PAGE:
READ the June 2021 issue of our magazine: The Digital Culture Reset
Jessica Miller-Merrell (@jmillermerrell) is a workplace change agent, author and consultant focused on human resources and talent acquisition living in Austin, TX. Recognized by Forbes as a top 50 social media influencer, Jessica is a global speaker. She’s the founder of Workology, a workplace HR resource, and host of the Workology Podcast.
Do you think COVID-19 has changed the world of work for good?
Yes. A lot of people have been financially impacted and many have lost family and friends, but I believe the pandemic has forever changed the workplace. We’re seeing that now with the employees who are creating boundaries between their personal and work lives and saying “I want to work remotely.” I think that’s the good that will come out of it.
A whole lot of workers across organizations are reluctant to return to their desks over the fear of losing flexibility. What could be the implication of this?
This will be a challenge for managers in particular because they will have to learn how to be good leaders and managers in person as well as remote. I don’t think we have equipped new managers with the tools and support they need to be able to lead a hybrid team. More employees working remotely with flexible schedules and asynchronous work mean we need a different level of intentionality.
As companies start reopening across several parts of the globe with renewed vigor, how important, according to you, is getting work ‘culture’ right especially in the hybrid world of work?
I think culture is incredibly important. I’m a fan of the culture add as opposed to the culture fit. The culture is dictated by the mission and vision of the organization, but it’s really created and fostered by employees. If we don’t have the skills to engage our workforce in a hybrid model, we’re going to lose them.
With a distributed workforce, what’s the best way to ensure ‘work culture’ is adaptable and aligned with organizational goals?
It starts with the people. We’ll have to be intentional about our conversations with our people. That means surveys, virtual one-on-one meetings, virtual team meetings. Managers have to make this a priority, even if they have larger teams, so it will change how manager responsibilities are distributed.
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In the digital world, how can tech innovations help organizations reinvent and strengthen their work culture?
I think there are cool HR technologies, tools, and services out there that support a hybrid workforce, but it can be a challenge for workplace leaders to find them and get managers and team leaders to adopt them and think about how we work differently. We really have to look at selection, training, and technology adoption and how change management from the top down in an organization supports this. We don’t know what we don’t know, so workplace leaders are going to have to make time to learn about the different tools and tech, imagine what the possibilities are, and we’re kind of in uncharted territory.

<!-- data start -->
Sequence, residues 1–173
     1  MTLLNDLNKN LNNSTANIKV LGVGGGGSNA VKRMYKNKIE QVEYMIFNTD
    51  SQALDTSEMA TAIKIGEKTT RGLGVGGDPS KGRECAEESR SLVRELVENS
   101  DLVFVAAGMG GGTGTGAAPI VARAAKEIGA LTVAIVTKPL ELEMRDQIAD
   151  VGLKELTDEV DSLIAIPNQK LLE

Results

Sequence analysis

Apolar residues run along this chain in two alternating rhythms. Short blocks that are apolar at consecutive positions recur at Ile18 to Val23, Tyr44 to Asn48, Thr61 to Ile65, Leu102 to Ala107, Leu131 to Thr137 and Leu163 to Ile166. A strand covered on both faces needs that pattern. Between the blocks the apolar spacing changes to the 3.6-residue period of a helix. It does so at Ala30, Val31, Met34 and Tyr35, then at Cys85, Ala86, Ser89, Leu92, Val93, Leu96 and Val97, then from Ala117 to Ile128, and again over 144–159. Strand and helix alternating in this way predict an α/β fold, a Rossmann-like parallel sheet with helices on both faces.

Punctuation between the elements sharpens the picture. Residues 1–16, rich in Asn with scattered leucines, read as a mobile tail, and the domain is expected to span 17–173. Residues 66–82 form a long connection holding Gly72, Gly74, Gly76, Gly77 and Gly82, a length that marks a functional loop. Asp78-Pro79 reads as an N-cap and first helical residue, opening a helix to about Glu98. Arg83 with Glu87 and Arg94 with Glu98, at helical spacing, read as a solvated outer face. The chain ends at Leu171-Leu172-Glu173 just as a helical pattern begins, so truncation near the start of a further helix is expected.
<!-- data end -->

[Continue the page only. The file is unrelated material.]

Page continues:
How are service providers in the HR space evolving their products and solutions to meet changing demands of organizations? How do you see the vendor landscape today?
We’re going to have to create customized solutions to meet the needs of employees, especially with global organizations. Your HRIS, your ATS, your Slack channel won’t change, but providers are developing integrations that do meet what we need today.
What have you learned about the best ways to use disruption as an opportunity? What are your priorities?
That’s what Workology.com is all about - supporting the disruptors and innovators in the HR space. The disruptors are the ones that catapult us forward and we need visionaries like that so we understand what is and what is not possible. I feel like my mission is to provide the resources and support for HR leaders to help them be their best selves and support their organizations.
How do you see the role of talent leaders evolve in 2021 and beyond? What have you learned?
Talent leaders need to be flexible, agile, creative. And we also need to be experts on organizational development and change management. I think we need to make sure we have a better relationship with our senior leadership and the customers we serve. Talent leaders are going to be more involved in larger business and executive-level conversations, not just because we’re investing in more technology, but because in the past year we’ve had to move very quickly. Talent leaders need to be part of the conversation where business decisions are being made to support business growth.